Thank goodness for caring friends, and kudos to Rob and Sheryl Ann. It takes a team to produce a book, and I'm grateful to both for their help.

GM 

Monday, October 8, 2018

Chicken Enchilada Casserole


© Can Stock Photo / roxanabalint
My mother gave me this recipe many years ago. It was one she acquired after my father retired and they joined an Airstream Club. Potluck dinners were a common practice at their rallies, and this recipe soon became a family favorite as well. Over the years I too have taken it to many a potluck. It's always gone over well, and sometimes I'll fix it at home just because I like it. It's quick, easy to prepare and delicious.



CHICKEN ENCHILADA CASSEROLE

   4 to 6 chicken breasts, cooked and chopped*
   1 bag restaurant style tortilla chips
   1 small can diced green chilies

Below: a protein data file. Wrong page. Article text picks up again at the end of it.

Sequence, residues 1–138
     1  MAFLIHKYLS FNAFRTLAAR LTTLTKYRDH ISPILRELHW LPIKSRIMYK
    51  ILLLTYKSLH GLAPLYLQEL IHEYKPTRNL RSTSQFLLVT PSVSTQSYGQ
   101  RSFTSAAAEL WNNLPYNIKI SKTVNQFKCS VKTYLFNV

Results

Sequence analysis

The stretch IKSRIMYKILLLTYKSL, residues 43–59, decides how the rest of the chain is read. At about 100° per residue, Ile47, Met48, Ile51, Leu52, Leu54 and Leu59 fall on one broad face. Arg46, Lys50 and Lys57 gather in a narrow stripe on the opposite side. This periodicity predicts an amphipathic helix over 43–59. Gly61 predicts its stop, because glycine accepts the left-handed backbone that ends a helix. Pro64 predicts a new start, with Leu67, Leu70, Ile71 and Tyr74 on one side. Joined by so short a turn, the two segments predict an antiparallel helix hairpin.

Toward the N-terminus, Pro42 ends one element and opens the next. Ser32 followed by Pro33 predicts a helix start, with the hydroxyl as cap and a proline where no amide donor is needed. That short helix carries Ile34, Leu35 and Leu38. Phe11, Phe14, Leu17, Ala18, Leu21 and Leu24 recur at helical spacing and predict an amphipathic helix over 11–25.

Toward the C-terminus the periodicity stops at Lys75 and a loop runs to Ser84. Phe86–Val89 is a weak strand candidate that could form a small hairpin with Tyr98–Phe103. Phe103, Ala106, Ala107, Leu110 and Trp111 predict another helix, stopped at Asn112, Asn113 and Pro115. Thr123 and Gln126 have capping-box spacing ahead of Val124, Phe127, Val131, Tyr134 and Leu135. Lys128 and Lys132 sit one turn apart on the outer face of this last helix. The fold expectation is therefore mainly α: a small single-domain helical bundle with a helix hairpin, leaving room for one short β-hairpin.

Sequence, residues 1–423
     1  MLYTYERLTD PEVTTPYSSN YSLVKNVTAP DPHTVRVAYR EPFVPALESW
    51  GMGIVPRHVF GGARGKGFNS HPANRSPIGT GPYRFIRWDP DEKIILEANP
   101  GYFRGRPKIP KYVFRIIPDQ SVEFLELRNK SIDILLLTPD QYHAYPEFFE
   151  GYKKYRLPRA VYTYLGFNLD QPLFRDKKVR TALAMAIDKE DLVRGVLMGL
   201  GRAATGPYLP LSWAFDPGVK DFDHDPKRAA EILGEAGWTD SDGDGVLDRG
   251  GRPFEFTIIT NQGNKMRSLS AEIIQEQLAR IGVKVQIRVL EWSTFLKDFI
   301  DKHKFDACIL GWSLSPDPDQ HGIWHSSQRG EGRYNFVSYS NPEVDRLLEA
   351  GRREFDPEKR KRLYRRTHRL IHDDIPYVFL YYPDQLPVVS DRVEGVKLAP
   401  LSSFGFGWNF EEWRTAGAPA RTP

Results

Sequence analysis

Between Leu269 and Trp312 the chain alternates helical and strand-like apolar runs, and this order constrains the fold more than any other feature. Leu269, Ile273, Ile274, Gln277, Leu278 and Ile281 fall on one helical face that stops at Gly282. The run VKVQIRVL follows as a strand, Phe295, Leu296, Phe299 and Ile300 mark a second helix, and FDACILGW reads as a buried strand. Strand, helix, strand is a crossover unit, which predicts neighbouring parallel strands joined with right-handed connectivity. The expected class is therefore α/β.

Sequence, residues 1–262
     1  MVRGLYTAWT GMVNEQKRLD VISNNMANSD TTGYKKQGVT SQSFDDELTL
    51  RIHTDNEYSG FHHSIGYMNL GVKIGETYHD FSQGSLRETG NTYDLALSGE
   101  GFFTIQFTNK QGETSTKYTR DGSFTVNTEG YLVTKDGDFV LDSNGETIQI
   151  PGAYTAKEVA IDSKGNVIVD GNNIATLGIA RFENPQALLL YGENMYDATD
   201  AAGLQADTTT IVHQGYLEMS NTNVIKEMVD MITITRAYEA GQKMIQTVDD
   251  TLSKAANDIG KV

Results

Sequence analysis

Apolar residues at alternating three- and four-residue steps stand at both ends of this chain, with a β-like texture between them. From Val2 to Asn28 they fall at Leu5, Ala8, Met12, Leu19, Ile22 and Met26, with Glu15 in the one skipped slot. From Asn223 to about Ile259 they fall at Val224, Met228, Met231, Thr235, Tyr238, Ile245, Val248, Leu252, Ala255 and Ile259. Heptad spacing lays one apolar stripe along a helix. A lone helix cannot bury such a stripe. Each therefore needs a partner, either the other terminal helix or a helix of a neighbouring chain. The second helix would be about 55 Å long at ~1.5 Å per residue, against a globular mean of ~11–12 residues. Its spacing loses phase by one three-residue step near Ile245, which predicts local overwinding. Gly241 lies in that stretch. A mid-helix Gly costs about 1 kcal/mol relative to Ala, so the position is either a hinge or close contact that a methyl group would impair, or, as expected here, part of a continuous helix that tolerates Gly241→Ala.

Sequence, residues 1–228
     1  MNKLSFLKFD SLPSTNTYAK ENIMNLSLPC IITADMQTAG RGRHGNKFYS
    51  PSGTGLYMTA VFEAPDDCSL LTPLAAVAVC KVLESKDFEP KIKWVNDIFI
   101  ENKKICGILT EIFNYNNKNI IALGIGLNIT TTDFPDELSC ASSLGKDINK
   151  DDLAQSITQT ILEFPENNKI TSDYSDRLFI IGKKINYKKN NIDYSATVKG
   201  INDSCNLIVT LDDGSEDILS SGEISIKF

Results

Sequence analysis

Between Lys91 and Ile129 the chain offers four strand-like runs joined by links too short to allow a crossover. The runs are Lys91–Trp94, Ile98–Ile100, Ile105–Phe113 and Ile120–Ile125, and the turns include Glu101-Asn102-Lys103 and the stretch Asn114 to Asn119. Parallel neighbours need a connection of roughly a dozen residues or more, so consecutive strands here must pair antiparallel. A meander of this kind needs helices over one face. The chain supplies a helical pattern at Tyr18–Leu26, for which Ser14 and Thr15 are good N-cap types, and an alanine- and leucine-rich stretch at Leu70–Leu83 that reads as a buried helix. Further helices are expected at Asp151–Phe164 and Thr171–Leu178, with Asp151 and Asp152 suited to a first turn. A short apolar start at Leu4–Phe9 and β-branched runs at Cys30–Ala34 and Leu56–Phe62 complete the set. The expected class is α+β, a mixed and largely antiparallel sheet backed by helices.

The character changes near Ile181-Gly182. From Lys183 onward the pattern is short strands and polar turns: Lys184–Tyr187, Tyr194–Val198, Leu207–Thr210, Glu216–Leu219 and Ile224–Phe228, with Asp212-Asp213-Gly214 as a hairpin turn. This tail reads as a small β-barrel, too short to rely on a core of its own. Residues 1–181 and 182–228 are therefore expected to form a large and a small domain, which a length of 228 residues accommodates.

1  cup corn
   1 15 oz. can of black beans
   2 cans cream of chicken soup
   1 can cream of mushroom soup
   1/2 cup chicken broth or water
   2 cups cheddar or Mexican blend cheese
   breadcrumbs (optional)

Generously coat a 9 x 13 inch baking dish with cooking spray. Fill bottom of the pan with broken tortilla chips -- about 1/4 inch thick. Add chopped chicken breasts, green chilies, corn and black beans. Blend soups together with chicken broth in a medium sized mixing bowl and pour over top. (If a thinner sauce is desired add more liquid.) Cover top layer with cheese and add bread crumbs, if desired. Bake at 350F for 35 to 45 minutes or until sauce is bubbling and cheese is melted and slightly browned.

Variations: For those who like it hot -- use jalapeno or chipotle peppers instead of green chili peppers.